Developing and deploying an ultra-secure quantum communication infrastructure spanning the whole EU is also one of the goals indicated in the 2030 Digital Compass, a point also mentioned in the Communication Shaping Europe’s Digital Future and in the Path to the Digital Decade. In this scope, the European Quantum Communication Infrastructure (EuroQCI) Initiative was put forward in 2019, when EU Member States signed the EuroQCI Declaration. The EuroQCI, which is being developed together with the European Space Agency (ESA), will safeguard sensitive data and critical infrastructures by integrating quantum-based systems into existing communication infrastructures. The EuroQCI will be composed of a terrestrial and of a space segment (with the first prototype QKD satellite Eagle1 aimed to be launched in late 2024), and will be an integral part of IRIS2, the new EU space-based secure communication system established under the Union Secure Connectivity Programme for 2023-2027.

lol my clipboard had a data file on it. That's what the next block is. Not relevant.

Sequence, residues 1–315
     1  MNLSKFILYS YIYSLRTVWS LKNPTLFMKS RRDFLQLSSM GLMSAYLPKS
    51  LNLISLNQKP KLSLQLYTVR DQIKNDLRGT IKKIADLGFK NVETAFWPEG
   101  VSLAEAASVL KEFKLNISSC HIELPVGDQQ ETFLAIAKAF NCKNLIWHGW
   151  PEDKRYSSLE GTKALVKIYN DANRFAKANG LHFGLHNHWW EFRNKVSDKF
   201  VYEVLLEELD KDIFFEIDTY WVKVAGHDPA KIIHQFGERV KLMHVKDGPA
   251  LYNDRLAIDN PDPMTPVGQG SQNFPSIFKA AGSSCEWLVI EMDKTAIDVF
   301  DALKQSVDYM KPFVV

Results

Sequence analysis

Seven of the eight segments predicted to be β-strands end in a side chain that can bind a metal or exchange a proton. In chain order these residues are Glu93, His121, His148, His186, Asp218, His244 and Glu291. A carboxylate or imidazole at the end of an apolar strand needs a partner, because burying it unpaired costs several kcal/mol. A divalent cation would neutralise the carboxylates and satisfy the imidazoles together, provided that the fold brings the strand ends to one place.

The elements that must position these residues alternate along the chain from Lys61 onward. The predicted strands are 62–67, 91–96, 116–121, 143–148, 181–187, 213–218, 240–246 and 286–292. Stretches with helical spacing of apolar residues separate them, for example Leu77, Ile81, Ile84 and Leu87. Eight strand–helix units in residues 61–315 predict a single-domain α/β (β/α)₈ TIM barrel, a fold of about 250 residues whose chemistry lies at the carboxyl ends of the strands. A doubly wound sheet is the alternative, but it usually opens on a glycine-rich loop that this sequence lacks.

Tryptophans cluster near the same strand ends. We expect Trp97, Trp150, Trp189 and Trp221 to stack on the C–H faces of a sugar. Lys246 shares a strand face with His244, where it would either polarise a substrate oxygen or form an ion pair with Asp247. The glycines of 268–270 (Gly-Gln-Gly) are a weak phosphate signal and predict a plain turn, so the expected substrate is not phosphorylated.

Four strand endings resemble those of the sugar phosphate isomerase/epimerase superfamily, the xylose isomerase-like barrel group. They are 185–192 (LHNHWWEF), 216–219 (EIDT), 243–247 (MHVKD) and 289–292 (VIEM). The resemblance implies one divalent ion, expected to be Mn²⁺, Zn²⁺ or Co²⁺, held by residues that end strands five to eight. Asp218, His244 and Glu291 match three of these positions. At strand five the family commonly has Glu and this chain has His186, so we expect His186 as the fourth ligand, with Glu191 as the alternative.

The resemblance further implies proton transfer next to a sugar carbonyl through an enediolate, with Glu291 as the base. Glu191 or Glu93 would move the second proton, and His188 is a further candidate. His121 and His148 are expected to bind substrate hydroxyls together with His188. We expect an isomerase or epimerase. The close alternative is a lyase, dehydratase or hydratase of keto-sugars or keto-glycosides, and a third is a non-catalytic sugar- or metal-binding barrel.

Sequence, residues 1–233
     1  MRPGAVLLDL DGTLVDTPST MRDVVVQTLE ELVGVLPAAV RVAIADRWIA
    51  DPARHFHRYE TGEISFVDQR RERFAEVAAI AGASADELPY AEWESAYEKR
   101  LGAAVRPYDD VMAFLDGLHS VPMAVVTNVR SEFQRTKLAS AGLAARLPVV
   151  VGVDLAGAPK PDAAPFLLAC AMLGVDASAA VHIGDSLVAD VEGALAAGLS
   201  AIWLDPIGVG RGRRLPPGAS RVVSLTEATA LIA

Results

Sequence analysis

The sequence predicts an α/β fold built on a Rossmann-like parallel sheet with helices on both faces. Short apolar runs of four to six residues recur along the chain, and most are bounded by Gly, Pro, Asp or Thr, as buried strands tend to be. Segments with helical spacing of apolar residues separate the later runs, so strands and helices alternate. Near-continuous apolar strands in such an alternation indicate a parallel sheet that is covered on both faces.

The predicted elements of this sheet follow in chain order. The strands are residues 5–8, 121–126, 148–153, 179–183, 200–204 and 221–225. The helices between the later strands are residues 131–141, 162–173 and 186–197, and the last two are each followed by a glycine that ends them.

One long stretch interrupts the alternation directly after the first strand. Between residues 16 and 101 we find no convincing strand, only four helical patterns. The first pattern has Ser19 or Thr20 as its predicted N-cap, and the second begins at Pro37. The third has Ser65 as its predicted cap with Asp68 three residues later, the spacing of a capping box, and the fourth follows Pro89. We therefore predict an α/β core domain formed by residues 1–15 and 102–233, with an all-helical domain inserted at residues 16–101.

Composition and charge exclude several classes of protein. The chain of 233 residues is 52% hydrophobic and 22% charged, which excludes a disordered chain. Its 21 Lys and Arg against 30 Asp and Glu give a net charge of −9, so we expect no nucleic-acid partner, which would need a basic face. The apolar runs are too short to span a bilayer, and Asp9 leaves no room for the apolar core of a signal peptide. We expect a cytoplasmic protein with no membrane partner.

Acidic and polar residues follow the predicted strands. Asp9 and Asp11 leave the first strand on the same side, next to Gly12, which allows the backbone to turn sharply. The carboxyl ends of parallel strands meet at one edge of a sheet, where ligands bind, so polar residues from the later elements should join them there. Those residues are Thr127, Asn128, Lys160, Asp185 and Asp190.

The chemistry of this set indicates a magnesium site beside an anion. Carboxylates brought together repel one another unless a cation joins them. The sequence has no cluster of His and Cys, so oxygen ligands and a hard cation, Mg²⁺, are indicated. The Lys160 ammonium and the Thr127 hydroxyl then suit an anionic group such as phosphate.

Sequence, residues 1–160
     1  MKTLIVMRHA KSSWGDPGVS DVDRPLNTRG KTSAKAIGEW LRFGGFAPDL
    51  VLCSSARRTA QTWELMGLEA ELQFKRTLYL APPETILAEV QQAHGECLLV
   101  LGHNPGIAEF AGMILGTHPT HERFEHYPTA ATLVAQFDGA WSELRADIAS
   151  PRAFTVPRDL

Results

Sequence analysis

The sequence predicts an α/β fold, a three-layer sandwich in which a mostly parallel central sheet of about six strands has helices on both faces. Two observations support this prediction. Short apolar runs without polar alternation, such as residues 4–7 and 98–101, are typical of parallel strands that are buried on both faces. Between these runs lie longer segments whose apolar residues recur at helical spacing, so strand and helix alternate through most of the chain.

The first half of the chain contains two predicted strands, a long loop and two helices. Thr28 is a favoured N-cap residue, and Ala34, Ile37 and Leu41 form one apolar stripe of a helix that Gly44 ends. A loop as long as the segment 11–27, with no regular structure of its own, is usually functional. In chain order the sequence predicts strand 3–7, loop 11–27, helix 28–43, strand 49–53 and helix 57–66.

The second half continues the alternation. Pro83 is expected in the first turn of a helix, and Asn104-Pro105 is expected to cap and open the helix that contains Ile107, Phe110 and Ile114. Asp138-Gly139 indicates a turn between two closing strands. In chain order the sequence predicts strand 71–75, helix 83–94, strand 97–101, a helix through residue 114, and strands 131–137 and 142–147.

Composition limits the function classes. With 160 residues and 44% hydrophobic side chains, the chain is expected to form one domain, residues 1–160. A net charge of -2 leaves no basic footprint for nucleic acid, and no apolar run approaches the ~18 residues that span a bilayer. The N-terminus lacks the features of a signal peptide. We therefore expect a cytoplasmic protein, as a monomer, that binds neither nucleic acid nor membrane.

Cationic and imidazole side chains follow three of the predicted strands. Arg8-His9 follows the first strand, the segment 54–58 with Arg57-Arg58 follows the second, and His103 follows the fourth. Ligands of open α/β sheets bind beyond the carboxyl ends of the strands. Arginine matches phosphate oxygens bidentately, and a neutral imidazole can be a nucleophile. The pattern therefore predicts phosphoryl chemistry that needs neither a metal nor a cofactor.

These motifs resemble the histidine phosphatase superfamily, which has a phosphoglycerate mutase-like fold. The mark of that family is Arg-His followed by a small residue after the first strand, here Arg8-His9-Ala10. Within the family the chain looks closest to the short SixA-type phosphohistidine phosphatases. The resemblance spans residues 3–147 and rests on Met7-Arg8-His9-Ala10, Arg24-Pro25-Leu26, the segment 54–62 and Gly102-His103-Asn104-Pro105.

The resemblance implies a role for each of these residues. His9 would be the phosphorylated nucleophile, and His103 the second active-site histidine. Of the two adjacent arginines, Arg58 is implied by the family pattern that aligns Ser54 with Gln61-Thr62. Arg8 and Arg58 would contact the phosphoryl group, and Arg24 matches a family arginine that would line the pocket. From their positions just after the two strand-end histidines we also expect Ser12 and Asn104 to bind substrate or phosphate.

The EC is also preparing the ground for the deployment of a future EU Earth observation mission making use of quantum gravimetry. As a first step of this mission, the EC is working on the development of EU technologies and components for a space quantum gravimeter or gradiometer.

The synergies between space and AI are also acknowledged, for instance, in the EU Space Strategy for Security and Defence, which notes that space shall be “more systematically taken into account in relevant EU policies and initiatives, such as on quantum technologies, or artificial intelligence”.